Economic concerns move ahead of environmental and cyber risk in WEF survey

Business leaders in G20 countries are now most concerned by economic threats, according to the World Economic Forum’s (WEF) latest Executive Opinion Survey, with experts warning that the world could be creating cyber and environmental risk blindspots as these two issues drop down the agenda.

The annual WEF survey asked more than 12,000 business leaders from 122 countries between April and August what they see as the biggest risks currently, with the results released ahead of the COP27 in Egypt this week and the G20 summit in Indonesia later this month.

The research found that rapid and/or sustained inflation is the most commonly cited top risk in G20 countries this year, with 37% of respondents identifying it as a top concern. Next came debt crises and the cost-of-living crisis, both on 21%.

According to the survey results, interlinking economic, geopolitical and societal risks are dominating the risk landscape among G20 business leaders as they continue to address immediate concerns around significant market turbulence and intensifying political conflict.

Geo-economic confrontation was identified as the top risk by two G20 countries. Other respondents referenced the potential for state collapse and lack of widespread digital services and digital inequality as top concerns.

The top risk in Europe is rapid and/or sustained inflation, followed by the cost-of-living crisis, severe commodity price shocks or volatility, geo-economic confrontation and severe commodity supply crises.

The study also highlights marked regional variations between advanced economies and emerging markets.

While economic risks associated with rapid and/or sustained inflation were identified as the top risk by respondents in Europe, Latin America and the Caribbean, east Asia and the Pacific, societal concerns associated with the cost-of-living crisis dominated in the Middle East and Africa, and sub-Saharan Africa. In central Asia and south Asia, interstate conflict and debt crises topped concerns respectively.

The top risks by region are shown in the chart below.

Click to open in larger view. Credit: Marsh McLennan/WEF

This year’s results are in sharp contrast to 2021’s findings, when cyber and environmental risks featured much more prominently.

Environmental issues featured “significantly lower” as a top five risk for G20 countries, noted the WEF. And despite the growing threat of cyberattacks on critical infrastructure, this and other technological risks ranked among the least commonly-cited top five risks this year, it added.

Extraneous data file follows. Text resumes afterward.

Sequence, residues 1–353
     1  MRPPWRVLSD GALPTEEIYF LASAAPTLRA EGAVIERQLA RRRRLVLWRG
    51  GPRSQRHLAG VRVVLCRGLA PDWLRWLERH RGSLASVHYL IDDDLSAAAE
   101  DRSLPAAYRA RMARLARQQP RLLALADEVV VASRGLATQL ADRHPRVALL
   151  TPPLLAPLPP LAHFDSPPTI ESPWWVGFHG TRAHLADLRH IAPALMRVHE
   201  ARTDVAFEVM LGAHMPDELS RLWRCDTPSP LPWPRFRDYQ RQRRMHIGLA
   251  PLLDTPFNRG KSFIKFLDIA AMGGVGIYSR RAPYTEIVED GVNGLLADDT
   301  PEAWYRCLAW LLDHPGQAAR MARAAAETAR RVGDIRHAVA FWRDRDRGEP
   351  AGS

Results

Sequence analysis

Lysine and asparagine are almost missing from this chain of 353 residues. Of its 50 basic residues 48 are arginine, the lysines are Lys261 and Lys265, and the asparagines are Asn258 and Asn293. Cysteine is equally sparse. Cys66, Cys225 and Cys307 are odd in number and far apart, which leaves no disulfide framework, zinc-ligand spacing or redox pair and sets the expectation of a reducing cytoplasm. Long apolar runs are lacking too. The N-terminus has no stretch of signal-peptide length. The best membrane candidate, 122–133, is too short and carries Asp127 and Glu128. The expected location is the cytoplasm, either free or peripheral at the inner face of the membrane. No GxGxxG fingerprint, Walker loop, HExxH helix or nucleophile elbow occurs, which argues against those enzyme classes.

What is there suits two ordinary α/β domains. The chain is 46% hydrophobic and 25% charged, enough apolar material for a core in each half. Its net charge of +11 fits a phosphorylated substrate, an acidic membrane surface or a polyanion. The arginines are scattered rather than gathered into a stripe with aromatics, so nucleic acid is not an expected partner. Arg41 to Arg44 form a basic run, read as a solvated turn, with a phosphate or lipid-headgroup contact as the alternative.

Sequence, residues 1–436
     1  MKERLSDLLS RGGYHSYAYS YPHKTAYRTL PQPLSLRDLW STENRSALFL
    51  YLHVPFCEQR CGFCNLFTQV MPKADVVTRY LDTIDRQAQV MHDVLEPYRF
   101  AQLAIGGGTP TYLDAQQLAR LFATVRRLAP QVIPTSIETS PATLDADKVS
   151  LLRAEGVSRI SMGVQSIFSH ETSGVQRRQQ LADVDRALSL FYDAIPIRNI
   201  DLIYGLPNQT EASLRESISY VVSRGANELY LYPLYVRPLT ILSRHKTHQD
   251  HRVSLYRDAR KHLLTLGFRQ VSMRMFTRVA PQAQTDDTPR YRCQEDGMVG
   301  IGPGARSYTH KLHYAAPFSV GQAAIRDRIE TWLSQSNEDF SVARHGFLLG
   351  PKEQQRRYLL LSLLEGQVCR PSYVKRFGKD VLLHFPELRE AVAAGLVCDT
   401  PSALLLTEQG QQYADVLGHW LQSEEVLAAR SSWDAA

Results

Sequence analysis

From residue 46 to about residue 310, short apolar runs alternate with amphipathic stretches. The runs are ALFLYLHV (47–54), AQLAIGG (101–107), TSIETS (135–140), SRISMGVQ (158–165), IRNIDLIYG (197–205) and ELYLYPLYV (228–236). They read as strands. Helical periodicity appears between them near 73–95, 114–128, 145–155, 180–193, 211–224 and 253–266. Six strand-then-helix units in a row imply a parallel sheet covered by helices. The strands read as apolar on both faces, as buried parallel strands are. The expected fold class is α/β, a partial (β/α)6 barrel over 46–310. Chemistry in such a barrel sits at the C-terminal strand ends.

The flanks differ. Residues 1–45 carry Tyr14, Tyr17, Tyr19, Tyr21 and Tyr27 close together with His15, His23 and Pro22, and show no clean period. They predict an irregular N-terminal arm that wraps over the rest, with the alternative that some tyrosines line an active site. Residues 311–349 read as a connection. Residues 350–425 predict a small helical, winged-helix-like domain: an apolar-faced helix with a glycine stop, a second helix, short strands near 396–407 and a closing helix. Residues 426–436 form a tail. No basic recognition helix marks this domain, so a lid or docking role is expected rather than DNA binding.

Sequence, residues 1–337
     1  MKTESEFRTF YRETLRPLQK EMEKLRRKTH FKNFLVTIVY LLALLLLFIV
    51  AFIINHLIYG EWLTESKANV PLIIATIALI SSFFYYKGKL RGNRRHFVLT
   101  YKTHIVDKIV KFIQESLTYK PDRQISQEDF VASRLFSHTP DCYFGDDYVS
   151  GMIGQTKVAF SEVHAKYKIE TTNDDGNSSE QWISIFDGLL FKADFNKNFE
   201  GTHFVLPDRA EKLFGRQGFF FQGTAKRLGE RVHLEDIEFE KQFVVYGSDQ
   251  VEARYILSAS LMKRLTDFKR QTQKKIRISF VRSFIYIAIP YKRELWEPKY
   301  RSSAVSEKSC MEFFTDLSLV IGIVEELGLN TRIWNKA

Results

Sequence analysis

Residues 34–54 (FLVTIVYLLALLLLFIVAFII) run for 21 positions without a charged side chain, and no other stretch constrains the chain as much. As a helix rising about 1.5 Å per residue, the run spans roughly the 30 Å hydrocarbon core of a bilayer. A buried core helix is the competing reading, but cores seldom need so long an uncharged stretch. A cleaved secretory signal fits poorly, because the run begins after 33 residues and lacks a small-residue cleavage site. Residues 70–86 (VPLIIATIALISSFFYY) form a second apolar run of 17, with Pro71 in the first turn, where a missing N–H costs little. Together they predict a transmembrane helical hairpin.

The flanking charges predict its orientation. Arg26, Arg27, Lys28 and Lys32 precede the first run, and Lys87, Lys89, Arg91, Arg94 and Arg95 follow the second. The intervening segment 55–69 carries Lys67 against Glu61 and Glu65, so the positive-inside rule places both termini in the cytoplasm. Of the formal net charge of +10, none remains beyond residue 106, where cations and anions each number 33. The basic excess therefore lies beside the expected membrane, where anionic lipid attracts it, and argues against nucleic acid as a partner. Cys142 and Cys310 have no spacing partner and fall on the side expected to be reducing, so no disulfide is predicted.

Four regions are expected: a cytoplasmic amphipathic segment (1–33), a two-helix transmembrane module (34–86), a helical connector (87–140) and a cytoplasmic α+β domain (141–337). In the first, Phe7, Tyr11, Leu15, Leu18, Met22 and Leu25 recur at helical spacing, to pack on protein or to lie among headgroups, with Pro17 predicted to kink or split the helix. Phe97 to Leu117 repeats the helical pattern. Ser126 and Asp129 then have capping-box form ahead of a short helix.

Zurich Insurance, which supported the survey along with Marsh, warned that environmental risks and the transition to net zero cannot be ignored. It urged business leaders not to take their eyes off this pressing issue.

Peter Giger, group chief risk officer at Zurich Insurance, said: “The transition to net zero has dropped too far down on the short-term agendas of many business leaders.

“After a jump of two billion tons in 2021, the rise in global CO2 emissions this year is much lower – closer to 300 million tons. This is thanks to growth in the use of renewable energy and electric vehicles. Despite these positive developments, we are still not on track to reach the 1.5°C target.

“Yet the impacts of climate change are both short term and long term. Even in the current geopolitical and economically challenging environment, we need to focus on building a cleaner, more affordable and more secure energy system, if we hope to keep a net-zero future within grasp,” he added.

Carolina Klint, risk management leader in continental Europe at Marsh, said G20 business leaders are rightly focused on the “immediate and urgent” economic and geopolitical risks they face.

“However, if they are overlooking major technological risks this could create future blindspots, leaving their organisations exposed to severe cyber threats that could seriously impact their long-term success,” she warned.

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